They say parenting is one of the toughest jobs you’ll ever have. THEY say this, and we listen. We listen so hard it puts tears in our eyes and makes us second-guess having kids at all, but we do it anyway. We do it because, deep down, we want them to be wrong.
There are moments in our lives we wish we could erase—strike them from the record and start over. At least, that’s how I felt about my marriage.
A month after my daughter was born we lost everything: our home, our savings and most of our self-esteem. Things happened. Lots of things: some I would like to forget and others that have scarred me for life. There were so many things, in fact, that I lost count.
My daughter, on the other hand, didn’t know about the things. She only knew she was loved—beyond her wildest dreams—and she gave it right back, like a boss.
But something was weighing on me, heavy. And as much as I wanted to blame it on someone else, I had no one to blame but myself because it turns out, they were right. Parenting IS hard. Damn hard. You are an artist, molding a life, and every choice you make will affect who your children become. But here’s the catch: parenting is only as difficult as the choices you make.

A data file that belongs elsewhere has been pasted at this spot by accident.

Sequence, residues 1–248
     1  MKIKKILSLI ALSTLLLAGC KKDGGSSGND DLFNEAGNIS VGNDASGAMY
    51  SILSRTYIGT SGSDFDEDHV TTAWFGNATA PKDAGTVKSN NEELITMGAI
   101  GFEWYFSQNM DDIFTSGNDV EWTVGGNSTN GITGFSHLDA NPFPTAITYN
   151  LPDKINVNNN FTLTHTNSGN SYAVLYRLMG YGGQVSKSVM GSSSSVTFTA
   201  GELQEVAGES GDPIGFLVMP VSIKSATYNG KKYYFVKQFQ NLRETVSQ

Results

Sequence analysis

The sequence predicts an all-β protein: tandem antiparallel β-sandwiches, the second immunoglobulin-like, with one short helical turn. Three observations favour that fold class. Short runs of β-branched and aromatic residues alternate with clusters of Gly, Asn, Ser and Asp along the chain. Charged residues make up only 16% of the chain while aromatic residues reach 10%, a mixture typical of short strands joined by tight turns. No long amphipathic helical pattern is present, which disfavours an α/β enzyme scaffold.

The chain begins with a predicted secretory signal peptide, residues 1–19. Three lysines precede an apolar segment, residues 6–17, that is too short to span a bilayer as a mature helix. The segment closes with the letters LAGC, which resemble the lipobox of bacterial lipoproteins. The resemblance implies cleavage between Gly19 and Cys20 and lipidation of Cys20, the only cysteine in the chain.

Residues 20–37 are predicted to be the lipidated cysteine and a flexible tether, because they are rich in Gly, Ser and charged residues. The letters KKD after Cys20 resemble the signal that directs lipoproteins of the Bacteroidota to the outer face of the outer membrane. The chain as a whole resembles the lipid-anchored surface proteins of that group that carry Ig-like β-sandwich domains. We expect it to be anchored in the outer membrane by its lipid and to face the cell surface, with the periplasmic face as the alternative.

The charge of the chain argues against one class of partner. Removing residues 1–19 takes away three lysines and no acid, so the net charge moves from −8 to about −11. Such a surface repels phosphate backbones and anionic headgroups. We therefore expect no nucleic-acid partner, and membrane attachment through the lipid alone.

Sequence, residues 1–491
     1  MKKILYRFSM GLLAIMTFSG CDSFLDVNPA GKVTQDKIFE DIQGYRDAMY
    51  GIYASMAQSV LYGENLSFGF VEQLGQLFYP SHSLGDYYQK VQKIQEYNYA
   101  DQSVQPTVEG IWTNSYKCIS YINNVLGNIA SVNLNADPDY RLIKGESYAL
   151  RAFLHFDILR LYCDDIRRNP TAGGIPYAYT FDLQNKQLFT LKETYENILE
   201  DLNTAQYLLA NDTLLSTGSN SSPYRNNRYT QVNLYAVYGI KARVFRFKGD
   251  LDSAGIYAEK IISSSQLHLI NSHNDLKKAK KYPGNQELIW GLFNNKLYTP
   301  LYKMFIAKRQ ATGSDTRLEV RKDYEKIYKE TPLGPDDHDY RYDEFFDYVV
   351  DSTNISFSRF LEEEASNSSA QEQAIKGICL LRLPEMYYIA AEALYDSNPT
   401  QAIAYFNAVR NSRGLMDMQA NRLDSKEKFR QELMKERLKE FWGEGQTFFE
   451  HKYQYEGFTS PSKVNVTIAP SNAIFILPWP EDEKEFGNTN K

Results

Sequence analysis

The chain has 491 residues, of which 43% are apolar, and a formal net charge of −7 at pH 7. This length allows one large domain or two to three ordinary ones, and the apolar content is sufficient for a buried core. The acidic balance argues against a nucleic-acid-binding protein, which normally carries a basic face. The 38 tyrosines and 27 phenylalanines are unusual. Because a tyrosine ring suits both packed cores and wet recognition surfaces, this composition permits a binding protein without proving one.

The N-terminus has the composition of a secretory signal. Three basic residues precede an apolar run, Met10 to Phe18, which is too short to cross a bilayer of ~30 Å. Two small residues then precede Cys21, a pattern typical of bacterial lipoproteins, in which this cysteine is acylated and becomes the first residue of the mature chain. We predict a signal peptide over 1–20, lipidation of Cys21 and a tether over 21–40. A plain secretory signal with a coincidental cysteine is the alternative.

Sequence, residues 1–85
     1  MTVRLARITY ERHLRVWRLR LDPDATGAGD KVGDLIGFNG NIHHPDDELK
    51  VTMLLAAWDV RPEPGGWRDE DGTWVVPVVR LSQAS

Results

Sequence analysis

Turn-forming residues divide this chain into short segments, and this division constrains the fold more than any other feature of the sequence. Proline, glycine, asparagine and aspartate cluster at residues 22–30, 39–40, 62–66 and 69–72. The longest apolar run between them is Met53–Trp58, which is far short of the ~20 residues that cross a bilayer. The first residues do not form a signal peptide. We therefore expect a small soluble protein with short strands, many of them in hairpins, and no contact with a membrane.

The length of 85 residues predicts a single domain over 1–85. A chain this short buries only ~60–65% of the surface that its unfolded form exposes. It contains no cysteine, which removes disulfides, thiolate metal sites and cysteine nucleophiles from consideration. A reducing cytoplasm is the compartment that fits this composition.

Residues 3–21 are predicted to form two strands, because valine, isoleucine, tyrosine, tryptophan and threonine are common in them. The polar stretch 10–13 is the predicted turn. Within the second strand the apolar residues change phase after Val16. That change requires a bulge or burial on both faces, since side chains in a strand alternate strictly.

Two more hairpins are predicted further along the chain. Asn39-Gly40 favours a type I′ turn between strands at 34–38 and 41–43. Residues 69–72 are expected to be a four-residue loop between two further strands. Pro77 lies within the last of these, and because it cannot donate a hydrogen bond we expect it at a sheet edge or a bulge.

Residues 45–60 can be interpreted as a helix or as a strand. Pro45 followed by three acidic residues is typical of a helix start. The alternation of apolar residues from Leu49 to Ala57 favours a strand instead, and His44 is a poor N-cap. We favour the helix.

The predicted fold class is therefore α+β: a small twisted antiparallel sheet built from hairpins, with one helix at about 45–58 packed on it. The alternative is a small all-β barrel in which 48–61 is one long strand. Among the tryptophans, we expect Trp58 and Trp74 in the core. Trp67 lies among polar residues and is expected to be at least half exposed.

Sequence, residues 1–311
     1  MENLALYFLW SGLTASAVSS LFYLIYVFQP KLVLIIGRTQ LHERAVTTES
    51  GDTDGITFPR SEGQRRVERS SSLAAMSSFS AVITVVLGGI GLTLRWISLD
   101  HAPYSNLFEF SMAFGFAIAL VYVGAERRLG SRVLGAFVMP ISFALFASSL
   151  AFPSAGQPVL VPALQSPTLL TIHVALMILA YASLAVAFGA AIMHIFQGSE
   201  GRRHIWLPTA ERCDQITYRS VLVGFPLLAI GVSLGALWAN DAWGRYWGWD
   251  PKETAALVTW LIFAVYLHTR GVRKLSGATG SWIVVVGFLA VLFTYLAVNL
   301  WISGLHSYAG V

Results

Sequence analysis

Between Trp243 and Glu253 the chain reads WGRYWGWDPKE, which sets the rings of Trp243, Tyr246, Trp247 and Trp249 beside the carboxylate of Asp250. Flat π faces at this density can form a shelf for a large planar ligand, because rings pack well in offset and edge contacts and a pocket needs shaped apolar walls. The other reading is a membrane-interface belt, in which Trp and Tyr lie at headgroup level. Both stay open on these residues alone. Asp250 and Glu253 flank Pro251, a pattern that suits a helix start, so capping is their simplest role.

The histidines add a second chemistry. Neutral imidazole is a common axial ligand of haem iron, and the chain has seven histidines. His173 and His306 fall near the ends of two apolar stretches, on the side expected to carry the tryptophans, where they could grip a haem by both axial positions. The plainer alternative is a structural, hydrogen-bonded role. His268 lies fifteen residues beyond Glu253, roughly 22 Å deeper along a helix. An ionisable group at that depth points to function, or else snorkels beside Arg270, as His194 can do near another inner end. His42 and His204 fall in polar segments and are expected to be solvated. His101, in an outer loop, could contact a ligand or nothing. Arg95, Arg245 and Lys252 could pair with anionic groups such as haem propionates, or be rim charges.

When my parents divorced, there were no conversations, no promises of shared custody or visitation—just a quick goodbye from dad and he was gone. It took a long time for me to get over my father leaving, probably longer than it should have, but when I did, I vowed that if I ever had kids (and a troubled marriage), I would do my best to ‘work it out.’
Flash forward 10 years, 3 months, 25 days.
It was early Spring, 2016. I had just finished taking the dog for a walk when a mail truck whizzed past the house. A few minutes later, I found a cardboard case inside the mailbox, containing a coupon book for a car loan I knew nothing about.
At that moment, I realized something: that by enabling his bad behavior, I had sent all the wrong messages to her. Instead of teaching my daughter how to love, I had prepared her to withhold. Instead of showing kindness, I displayed anger. And instead of providing her with the tools needed for a lifetime of wedded bliss, I convinced her that it was normal for a husband to sleep on the couch while his wife wept alone in the bedroom. Without realizing it, I had raised my daughter to believe that staying in an abusive relationship is perfectly acceptable—as long as you have kids.
My divorce—a two-year unmerciful trial that I wouldn’t wish on my worst enemy—was final this past summer.
Though there are still empty pages to fill, options to weigh and edits to be made, the bulk of my pain is in the past. I no longer cry myself to sleep; instead, I close my eyes, breathe a heavy sigh of relief and smile, knowing that we are finally free.
Parenting is complicated; this much is true, but a poisonous marriage destroys lives. Perhaps the toughest job isn’t parenting at all; perhaps it’s making choices that are best for everyone—including you.
A modified version of this story was originally featured on Mamalode.